Are you still with me? Am I completely wrong here? If you are an artist, do you not work within a set of (ever tightening) regulations?

As I was working on the piece that I would ultimately decide to send to this show, I was posting a lot of images of my progress on my website, on Instagram, on Facebook, and I got a lot of interesting feedback. Mostly, it could be separated into two distinct groupings:

 
The people that think my paintings are kind of weird (in a good way) thought I had pushed it too far towards realism, therefore I had created a somewhat less interesting piece.
 
The people that think I am a pretty good realistic painter thought this was a step forward in my ability to paint things that look like the thing I am painting, and therefore this was a more interesting piece.
 

In my mind, both of these groups of people are missing something. I am not intending to paint people as entirely weird caricatures, I am not trying to accurately render things to the best of my ability. What I am trying to do is create interesting paintings that communicate something, while working within my own set of artistic rules, and there is one rule that all my pieces follow. One rule that really defines the look of my paintings, even this one.

If there is one thing that really makes painting images worthwhile in a world where photography is so prevalent, it is the act of painting itself. The fact that some foolish human took the time to painstakingly create an image, gives paintings a weight that photography can not achieve. With that in mind, I go out of my way to make my paintings as labor intensive as possible. I use a small brush and mix every stroke individually. I spend more time than is necessary on pieces and try to leave obvious evidence of this in the finished product. I want to push the fact that some idiot human (that’s me) just spent a month creating something that a camera could have done better in 5 minutes. Painting this way is not the right way to do it, it does not produce the most realistic results, it distorts colors and adds strange textures, it complicates things. If I was more successful, this is the part where I would make a stink about doing it all myself and not using studio assistants, but I think at this point in my career that goes without saying.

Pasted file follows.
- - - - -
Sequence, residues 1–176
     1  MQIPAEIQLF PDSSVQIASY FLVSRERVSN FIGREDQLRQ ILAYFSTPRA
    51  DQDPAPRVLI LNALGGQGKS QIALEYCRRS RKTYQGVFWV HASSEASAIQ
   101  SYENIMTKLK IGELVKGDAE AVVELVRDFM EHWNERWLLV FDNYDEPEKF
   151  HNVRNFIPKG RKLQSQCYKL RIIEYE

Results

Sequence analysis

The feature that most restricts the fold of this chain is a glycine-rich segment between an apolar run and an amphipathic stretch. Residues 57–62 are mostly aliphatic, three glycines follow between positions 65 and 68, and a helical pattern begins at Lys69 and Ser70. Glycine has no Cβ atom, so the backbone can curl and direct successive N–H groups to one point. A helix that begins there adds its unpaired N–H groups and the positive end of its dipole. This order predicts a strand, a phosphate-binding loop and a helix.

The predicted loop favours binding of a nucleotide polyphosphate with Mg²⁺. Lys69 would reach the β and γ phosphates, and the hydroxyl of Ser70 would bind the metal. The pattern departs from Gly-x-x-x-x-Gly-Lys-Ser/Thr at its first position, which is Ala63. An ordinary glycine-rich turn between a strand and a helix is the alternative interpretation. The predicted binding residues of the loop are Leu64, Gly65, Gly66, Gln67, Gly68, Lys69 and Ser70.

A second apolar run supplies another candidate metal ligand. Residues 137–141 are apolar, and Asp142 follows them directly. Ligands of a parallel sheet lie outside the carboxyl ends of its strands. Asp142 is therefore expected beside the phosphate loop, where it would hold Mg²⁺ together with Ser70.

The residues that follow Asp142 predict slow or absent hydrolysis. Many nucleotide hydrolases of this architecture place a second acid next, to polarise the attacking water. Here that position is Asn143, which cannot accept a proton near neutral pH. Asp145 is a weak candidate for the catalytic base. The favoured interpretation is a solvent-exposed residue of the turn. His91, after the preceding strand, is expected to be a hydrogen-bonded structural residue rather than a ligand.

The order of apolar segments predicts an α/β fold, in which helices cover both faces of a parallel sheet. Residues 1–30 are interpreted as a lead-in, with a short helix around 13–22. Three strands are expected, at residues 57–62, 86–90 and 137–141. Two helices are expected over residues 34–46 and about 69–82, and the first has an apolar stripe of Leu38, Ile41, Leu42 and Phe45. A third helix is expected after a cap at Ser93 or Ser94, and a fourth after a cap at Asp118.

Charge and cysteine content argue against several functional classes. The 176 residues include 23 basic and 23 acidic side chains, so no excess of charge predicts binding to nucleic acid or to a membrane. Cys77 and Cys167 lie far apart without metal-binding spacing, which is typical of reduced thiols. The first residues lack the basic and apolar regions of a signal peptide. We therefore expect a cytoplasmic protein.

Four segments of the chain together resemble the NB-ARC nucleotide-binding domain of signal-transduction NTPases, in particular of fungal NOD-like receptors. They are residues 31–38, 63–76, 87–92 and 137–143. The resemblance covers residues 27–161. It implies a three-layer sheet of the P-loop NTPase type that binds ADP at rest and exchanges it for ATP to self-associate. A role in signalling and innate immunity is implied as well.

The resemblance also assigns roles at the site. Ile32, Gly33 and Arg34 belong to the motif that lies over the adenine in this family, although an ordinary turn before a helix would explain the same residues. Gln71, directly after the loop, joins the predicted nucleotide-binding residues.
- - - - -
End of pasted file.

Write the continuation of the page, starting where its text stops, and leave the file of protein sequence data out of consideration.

In this piece, I have toned down the textures that are normally created by working this way, and people seem to have noticed. I did this so that other distortions could take the stage. I wanted the piece to feel unstable. The skin is not as textured and the colors are more even, but I tried to play with cool and warm areas within the body, allowing some parts to push back into the blues of the background and then shifted the lines of the blanket so the figure felt as though it may also be in danger of falling forward. I wanted the figure to feel pushed back into a corner, while still maintaining a strong gaze toward the viewer. There are a lot of small things happening in a simple composition and allowing too much texture in the skin made the piece feel overly busy.

The painting is being sent off to Florida, so be sure to check out the show if you are in the area, or in Poets and Artists Magazine, if you are not. The show has an amazing array of artists, all with a unique way of looking at women in their art. Best of all, it gives me a good excuse to get out of frozen Boston and work on my sunburn in Miami.

If you want to join me there, check out the opening reception event on Facebook.

artists-gaze

Artist’s Gaze, Seeing Women in the Twenty-first Century

Curated by Victoria Selbach

At Sirona Fine Art

Dates: February 21 to March 22, 2015

Opening Reception: February 21, 2015

Featuring work by:

  • Aleah Chapin
  • Alison Lambert
  • Alyssa Monks
  • Bernardo Torrens
  • Brian Booth Craig
  • Cesar Santos
  • Christian Johnson
  • Cindy Bernhard
  • Daliah Ammar
  • Daniel Maidman
  • Delita Martin
  • Dorielle Caimi
  • Erica Elan Ciganek
  • Erin Anderson
  • Hollis Dunlap
  • Jamie Valero
  • Jason Bard Yarmosky
  • Jeff Faerber
  • Jennifer Balkan
  • Judith Peck
  • Krista Louise Smith
  • Lauren Levato Coyne
  • Maria Kreyn
  • Mark Horst
  • Mary Beth McKenzie
  • Matthew Cherry
  • Melinda Whitmore
  • Mia Bergeron
  • Michelle Doll